Testing remote blogging

I'm currently traveling up i-25, just north of Casper, Wyo. I had a fun visit in Denver. My aunt mapped me out a scenic bike ride in Castle Rock that ended up following a century that just happened to be going on at the same time. Toward the end, I passed a few people who seemed completely wrecked plowing into a 30 mph headwind. The sky was nearly black, with swirling clouds that threatened tornadoes (i found out later that one touched down nearby.) One lone roadie bent over his aerobars looked at me with bloodshot eyes and asked me what I had in my bags. I told him ... Camping gear, food, rain clothes. "Why so much?" he asked. I shrugged. "You never know." He shook his head. I think he was bummed that a severly overprepared mountain biker caught him. I should have told him I wasn't even riding the century. I was 40 miles into a fairly lax ride with only another two miles to go. But then I wondered how I would feel if our roles were swiched, and I was a wre…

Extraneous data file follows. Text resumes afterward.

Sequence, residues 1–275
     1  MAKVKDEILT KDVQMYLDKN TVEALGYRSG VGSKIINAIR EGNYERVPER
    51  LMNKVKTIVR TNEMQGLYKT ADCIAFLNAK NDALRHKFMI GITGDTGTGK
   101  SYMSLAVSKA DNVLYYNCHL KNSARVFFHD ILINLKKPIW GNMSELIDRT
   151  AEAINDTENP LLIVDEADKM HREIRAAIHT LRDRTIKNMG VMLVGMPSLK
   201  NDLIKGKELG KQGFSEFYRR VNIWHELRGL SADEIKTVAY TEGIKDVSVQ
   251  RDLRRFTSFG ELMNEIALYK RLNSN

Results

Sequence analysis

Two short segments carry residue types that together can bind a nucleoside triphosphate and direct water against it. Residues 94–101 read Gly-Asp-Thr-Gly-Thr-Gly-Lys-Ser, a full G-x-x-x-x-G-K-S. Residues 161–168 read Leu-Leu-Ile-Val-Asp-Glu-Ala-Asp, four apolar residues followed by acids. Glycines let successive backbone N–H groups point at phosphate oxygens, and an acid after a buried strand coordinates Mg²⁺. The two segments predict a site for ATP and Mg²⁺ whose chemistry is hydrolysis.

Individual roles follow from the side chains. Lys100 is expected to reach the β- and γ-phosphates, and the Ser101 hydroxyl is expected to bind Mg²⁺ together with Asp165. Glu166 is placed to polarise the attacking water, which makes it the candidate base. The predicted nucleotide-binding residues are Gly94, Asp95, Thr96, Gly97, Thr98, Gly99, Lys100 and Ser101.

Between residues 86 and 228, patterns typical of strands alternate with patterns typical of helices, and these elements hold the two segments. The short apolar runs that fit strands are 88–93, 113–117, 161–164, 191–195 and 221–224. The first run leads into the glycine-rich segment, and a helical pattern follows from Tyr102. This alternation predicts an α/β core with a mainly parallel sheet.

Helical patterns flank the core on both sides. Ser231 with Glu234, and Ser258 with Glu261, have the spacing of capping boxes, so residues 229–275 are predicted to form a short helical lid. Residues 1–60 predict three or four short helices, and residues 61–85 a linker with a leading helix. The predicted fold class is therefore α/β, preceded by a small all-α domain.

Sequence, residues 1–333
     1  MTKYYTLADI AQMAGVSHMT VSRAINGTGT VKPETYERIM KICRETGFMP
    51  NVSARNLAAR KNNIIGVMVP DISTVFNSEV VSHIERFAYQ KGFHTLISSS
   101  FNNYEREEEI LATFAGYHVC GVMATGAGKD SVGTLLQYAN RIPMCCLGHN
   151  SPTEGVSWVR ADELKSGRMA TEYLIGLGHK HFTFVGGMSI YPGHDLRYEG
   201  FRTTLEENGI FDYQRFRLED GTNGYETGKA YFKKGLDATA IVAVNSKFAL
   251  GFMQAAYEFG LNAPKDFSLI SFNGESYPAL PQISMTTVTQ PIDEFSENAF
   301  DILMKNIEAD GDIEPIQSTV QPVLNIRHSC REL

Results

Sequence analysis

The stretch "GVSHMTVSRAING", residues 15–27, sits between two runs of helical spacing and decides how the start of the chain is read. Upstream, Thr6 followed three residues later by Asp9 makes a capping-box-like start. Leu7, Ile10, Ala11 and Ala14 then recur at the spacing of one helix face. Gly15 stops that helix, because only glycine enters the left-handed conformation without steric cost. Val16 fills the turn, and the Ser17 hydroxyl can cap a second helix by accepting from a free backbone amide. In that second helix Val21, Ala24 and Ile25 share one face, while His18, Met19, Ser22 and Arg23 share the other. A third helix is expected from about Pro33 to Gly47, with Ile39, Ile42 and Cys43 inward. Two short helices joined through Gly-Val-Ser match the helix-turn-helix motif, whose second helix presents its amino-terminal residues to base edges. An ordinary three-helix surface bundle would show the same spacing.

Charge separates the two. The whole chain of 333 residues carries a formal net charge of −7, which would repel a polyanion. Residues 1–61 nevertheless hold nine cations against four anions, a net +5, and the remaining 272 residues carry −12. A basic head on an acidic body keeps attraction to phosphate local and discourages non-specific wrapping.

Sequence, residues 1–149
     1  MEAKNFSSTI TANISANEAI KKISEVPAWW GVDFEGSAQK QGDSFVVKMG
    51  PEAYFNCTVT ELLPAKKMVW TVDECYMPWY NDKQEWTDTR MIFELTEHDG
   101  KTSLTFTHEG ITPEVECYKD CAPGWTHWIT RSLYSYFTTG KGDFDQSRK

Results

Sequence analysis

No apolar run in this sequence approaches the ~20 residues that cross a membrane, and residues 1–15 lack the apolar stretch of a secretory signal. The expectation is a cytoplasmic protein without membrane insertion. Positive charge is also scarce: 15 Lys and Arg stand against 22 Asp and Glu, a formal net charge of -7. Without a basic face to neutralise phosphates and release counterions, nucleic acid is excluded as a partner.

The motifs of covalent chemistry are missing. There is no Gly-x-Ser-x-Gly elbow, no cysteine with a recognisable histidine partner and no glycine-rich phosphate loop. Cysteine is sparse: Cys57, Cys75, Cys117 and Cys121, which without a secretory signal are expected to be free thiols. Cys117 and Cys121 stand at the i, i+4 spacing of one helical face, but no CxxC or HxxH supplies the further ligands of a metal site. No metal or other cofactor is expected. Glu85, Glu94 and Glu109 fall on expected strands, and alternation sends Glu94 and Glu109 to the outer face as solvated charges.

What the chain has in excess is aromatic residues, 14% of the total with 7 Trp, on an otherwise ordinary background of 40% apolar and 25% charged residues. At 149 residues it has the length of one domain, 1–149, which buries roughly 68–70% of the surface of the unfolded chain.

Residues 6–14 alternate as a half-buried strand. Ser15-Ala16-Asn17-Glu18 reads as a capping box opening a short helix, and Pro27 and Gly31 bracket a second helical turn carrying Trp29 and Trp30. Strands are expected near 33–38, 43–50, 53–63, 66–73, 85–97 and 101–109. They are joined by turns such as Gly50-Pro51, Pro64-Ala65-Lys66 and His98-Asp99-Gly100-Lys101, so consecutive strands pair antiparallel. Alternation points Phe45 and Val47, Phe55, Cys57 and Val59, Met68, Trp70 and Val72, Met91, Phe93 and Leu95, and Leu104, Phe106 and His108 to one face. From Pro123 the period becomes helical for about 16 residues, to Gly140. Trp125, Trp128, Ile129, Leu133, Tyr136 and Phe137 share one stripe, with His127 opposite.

Enjoying the last days

My sister came out today and helped me box up my bike. As we hoisted it into the truck, she said, "Are you going to be able to carry this across the airport?" "I better," I said. "After that, I have to carry it across the country."

We started down the road as dark clouds billowed over the Oquirrh Mountains and a swirl of dust obscured the valley below. "Are you nervous?" she asked. "Kind of," I said. "I mean, it's not like this is it. I'm just flying to Denver. But it feels like this is my last chance to bail out. Once I get on a plane, it's going to be a lot tougher to back out."

The past few days in Salt Lake City have passed by in a blur. I've spent a total of an hour riding my bike since I returned from Heber on Tuesday. There just hasn't been time. I've had too much to do ... get a few last-minute things fixed on my bike, sort and re-sort my gear, track down charger tips for all of my miscellaneous…